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fields32

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Posts posted by fields32

  1. What are some of the quintessential southern foods that come to your mind (other than barbecue).  I'm really talking about foods that you generally don't find in the North.<p>I can think of . . .<p>Pimiento Cheese

    Pork Rinds (awesome, when they're good and fresh)

    Boiled peanuts (make sure they're at least room temp)

    Moon Pies

    Cheese Straws

    Moravian sugar cookies and sugar cakes

    CheerWine (diet CheerWine is the best)<p>I could go on all day.  There are a number of Southern exports that have become common up North, including Krispy Kremes, breakfast biscuits, and sweet tea.

    Hoe cakes and tomatoe gravy and rice

    not to mention grits, I cant tell you how many times ive heard "what is a grit?"

  2. As we've seen, no idea is more ridiculous than inaction, so giv'er.  :)

    Well, as a first step, no need for your question. Not that more couldn't be done, but I believe the restaurant community to be more active on the issue than most (I'm thinking Oceanwise and chefs like Clarke.)

    My suggestion centres on you, you've written a succinct and compelling little essay here. I think it deserves a wider audience than eG.

    absolutely

  3. Forgive me if this is a stupid question, but is it possible to slice warm meats on an electric slicer or will this gum up the machine?

    I have a non-commercial slicer, which has worked great for cold stuff.  However, in 2 weeks, I will have the need to slice approx. 40 lbs of roasted pork loin, and for this reason, I thought of my electric slicer.  Having never used it for hot/warm meat before, I'd appreciate any advice.

    no it shouldnt gum up to bad though meat will stick to the blade and 40 lbs of meat for a non commercial slicer does sound like quite a load on it.

  4. In northeast florida it seems to be hard to get fresh produce and other products. I worked at a restaurant that had items fedex'd to them but is that realy logical for food costs. I dont know what to do. I've been looking for farms in the area but all of them are very far away and if i do find one close that can provide what i am looking for how do i start a relationship with the farm.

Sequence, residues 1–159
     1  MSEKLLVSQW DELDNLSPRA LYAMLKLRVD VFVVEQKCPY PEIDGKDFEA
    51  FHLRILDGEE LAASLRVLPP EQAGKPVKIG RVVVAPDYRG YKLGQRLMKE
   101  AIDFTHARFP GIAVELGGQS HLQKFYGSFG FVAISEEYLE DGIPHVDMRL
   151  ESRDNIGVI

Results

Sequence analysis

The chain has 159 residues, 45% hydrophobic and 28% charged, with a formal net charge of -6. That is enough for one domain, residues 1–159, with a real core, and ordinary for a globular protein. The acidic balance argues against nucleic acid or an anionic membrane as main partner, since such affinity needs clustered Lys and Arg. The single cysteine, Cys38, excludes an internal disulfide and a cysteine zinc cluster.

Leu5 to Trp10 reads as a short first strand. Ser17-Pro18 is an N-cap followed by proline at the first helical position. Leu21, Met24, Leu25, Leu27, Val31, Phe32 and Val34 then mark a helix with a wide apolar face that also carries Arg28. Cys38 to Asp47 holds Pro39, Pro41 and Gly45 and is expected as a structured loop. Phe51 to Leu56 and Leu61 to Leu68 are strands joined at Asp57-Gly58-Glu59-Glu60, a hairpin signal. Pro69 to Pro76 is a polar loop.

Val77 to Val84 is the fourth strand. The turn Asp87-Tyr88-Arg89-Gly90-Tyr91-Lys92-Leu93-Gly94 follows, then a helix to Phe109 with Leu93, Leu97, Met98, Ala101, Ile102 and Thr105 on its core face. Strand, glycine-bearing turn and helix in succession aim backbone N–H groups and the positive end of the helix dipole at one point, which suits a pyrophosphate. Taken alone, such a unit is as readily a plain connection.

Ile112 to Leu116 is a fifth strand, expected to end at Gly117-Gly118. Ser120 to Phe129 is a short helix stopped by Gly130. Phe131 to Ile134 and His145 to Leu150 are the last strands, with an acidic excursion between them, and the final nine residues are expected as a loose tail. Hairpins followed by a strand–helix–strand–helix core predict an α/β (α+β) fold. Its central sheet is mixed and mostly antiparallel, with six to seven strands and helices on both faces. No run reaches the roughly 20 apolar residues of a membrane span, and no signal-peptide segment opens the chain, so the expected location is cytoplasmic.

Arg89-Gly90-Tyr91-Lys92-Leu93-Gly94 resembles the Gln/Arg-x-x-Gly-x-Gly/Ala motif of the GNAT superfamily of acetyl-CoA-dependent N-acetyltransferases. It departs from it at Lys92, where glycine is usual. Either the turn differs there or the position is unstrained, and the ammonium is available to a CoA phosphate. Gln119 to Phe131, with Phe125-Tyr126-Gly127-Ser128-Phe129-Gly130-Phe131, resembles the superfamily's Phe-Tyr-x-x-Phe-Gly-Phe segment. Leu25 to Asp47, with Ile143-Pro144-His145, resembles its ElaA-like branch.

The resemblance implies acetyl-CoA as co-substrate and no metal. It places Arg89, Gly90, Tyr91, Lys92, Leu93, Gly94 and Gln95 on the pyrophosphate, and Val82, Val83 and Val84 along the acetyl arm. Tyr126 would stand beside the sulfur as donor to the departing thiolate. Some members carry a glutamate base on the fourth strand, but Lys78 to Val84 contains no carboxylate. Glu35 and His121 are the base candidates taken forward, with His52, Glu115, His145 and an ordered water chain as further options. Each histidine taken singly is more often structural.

5. How do you dry your hands when you aren't wearing an apron?

    A towel under your apron, tucked into your belt/pants could work. The towel is concealed, but you look like you are molesting yourself when you use it. Otherwise, just find a hidey-hole for a couple of dry ones to wipe after washing.

    I agree that seeing someone wipe their hands (or knives, or other equipment) on an apron is just wrong. I know it's cloth and started out clean, but it sure can pick up some funky stuff along the way. Break the habit. It's one of the bad ones you have to break. 

    I appreciate the effort in handwashing BTW. It's good to know that someone actually puts some thought into it.

    after washing your hands shaking them off works well when your busy

  6. So i recently began working in a fine kitchen and i have a problem...  Ever since i was a kid, when i cook... i wipe my wet hands on myself after washing my hands...  either on my pants, my shirt, whatever...  Now i have a problem...  At work whenever i need to dry or quickly clean my hands while i'm plating during service, it's all goes straight on to my apron...  That's not professional...  i was told to wipe my hands using paper towels, but i don't want to waste paper every second with a new piece of paper just so i can wipe a little oil off of my hands.  So you say, just keep a towel around my apron strap...  It's not acceptable to do that, where i work..  I guess the chef doesn't believe in it.  I can keep a towel on my work surface,  but that just makes the surface cluttered having all these towels thrown about....  This might sound trivial to some people, but i've been yelled at a few times because of this...  SOOOO, any tips?

    at the ritz they always made us have a soap and sanitizer bucket and in the sanitizer bucket we kept a towl that we would wipe our hands with. The other option is to wear gloves in a sticky situation. It might seem ridiculous in a busy situation but after your used to it you'll be surprised how fast you can change a pair of gloves

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